My work on “the question of Judeo-Arabic” attempts to continue my reflections on “the question of the Arab-Jew,” but this time explored through the lens of dialect/language. Against the conceptual binarism that mandates that “Jew” and “Arab” be antonyms, I argue that the linguistic/cultural question of “Judeo-Arabic” is inseparable from the ethnic/religious concept of the “Arab-Jew.” I inquire into the genealogy of the term “Judeo-Arabic language,” and its current wide circulation and axiomatic ontology. Considering the elastic designations used by Jewish speaking-subjects to refer to their various speech/dialects, I ask whether we should regard the notion of “Judeo-Arabic language” as “natural” and normative or as reflective of conceptual paradigms developed under the twin influence of post-Haskala (or Enlightenment) Judaic studies and Jewish nationalism. While recognizing some of the specificities of the Arabic(s) written and spoken by Jews, I want to interrogate the view of “Judeo-Arabic” as always-already belonging to the (relatively recent) category of “Jewish languages.” The idea of a “Judeo-Arabic language” is ultimately premised on its severance from its contextual “linguistic family”– Arabic. What is posited as the uniqueness associated with “Jewish languages” could be better reformulated as a broad range of overlapping specificities to be examined within a cross-border and relational perspective, through the accommodating prism of differentiated commonalities. Highlighting the continuity between Judeo-Arabics (with emphasis on the plural) and their ambient regional Arabics, I suggest that “Judeo-Arabic,” like the Arabic of which it forms a part, is polyphonic and hetreoglossic; it is host to multiple accents and regional dialects.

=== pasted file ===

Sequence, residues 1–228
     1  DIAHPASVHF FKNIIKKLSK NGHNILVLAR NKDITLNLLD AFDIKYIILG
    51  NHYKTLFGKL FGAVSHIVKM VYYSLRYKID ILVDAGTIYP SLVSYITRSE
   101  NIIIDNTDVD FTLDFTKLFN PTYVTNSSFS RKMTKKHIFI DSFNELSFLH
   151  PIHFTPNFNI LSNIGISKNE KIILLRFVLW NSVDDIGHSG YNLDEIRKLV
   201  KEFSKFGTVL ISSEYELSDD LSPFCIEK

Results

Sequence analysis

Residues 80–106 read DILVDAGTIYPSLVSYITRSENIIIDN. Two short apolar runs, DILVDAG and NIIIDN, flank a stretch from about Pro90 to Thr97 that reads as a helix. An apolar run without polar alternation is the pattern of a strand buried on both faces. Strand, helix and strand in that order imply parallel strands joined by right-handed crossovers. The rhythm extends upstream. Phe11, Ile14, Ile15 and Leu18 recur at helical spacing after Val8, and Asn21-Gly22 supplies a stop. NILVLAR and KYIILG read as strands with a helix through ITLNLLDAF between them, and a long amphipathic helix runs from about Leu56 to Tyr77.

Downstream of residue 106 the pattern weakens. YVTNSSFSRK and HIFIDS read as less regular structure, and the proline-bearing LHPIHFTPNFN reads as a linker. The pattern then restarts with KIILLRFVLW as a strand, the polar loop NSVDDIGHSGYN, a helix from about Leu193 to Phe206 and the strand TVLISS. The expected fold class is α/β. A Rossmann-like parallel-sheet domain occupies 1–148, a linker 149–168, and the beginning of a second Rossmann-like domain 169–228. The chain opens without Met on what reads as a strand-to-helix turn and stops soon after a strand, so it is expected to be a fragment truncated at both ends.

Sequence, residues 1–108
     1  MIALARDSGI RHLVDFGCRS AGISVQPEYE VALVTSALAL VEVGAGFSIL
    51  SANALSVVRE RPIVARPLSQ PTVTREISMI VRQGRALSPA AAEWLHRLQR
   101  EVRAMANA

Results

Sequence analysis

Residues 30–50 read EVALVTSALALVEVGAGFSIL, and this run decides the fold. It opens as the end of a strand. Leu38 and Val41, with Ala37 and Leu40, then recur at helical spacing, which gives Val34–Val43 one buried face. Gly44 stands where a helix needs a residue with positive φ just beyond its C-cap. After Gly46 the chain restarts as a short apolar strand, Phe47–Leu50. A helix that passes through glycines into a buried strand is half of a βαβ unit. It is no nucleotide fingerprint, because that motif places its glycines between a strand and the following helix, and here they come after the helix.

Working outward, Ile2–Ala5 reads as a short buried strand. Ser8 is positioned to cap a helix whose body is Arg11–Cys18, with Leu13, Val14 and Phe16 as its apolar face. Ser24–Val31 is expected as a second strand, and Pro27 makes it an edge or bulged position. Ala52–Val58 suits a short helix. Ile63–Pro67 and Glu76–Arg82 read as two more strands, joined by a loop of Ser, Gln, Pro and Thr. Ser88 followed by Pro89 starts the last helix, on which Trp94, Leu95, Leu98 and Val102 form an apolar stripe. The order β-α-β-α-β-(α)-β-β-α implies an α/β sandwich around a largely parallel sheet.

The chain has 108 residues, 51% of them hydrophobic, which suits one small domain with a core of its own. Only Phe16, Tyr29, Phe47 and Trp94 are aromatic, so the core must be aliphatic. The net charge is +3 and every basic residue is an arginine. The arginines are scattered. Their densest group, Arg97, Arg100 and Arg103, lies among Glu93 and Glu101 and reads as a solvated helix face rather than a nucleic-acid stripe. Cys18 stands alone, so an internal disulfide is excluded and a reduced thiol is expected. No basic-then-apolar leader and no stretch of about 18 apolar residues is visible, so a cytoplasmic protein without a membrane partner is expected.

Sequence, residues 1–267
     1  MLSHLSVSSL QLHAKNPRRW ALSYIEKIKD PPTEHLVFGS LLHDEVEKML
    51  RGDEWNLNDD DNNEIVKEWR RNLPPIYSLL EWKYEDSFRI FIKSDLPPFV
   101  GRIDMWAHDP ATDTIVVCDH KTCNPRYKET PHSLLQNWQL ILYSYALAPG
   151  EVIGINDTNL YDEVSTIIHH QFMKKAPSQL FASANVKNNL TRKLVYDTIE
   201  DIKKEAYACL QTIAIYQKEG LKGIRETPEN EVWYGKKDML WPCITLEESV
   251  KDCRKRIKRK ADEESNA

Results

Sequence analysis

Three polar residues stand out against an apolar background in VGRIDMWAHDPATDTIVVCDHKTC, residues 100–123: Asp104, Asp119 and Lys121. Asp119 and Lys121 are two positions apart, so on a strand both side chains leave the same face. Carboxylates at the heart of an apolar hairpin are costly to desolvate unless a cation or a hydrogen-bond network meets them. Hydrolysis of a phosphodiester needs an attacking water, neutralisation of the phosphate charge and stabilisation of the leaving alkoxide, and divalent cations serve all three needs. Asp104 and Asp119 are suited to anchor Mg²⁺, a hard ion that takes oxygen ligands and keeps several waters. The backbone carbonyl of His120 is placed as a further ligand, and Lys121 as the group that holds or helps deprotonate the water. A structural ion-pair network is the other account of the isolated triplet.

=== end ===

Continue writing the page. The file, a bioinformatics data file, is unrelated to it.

Highlighting multiple relationalities between Judeo-Arabic and a number of related languages and similar Arabic dialects (and not solely linked to other Jewish languages), I deploy the notions of “Jewish languages” and “Judeo-Arabic” as concepts under erasure, using the terms while simultaneously deconstructing them. I raise the question about the etymology of the notion “Judeo-Arabic language” itself, and position the textual dislocation of Arab-Jewish documents — specifically the 19th Century scattering of the Egyptian Geniza from Cairo to Cambridge and other academic and cultural institutions — as anticipating the physical/demographic dispersal of Arab-Jews themselves in the wake of the partition of Palestine, the establishment of Israel, and the Arab/Israeli conflict. I then detail the way in which, with the Enlightenment, the Haskala, and later with Zionism, the Orientalist schema began to be projected exclusively toward “the other” Semitic figure — “the Arab” — with the Arab-Jew coming to occupy an ambivalent position. Judeo-Arabic was categorized as a language separate from Arabic, a “Jewish Diaspora language” to be “disappeared” given the Zionist resurrection of the Jewish national language– (Europeanized) Hebrew. As a result it have been relegated to the position of a lost object to be recuperated by academic study. Against this history, I examine communication across dialects and with multiplicities within languages. Instead of an Arabic / Hebrew polarity, I try to mine the residues of Arabic(s) in Hebrew literature and simultaneously stresses the imaginary aspect of “Judeo-Arabic(s)” as both rejected and desired in the wake of its dislocation from the Arabic- speaking world. In contrast to the nationalist premise that informs the notion of “Jewish Languages,” I try to transnationalize and relationalize the discussion, illuminating the ways in which the notion of “Judeo-Arabic” has been conceptualized as “distinct” from Arabic while also being linked to a historically recently invented category of “Jewish languages.”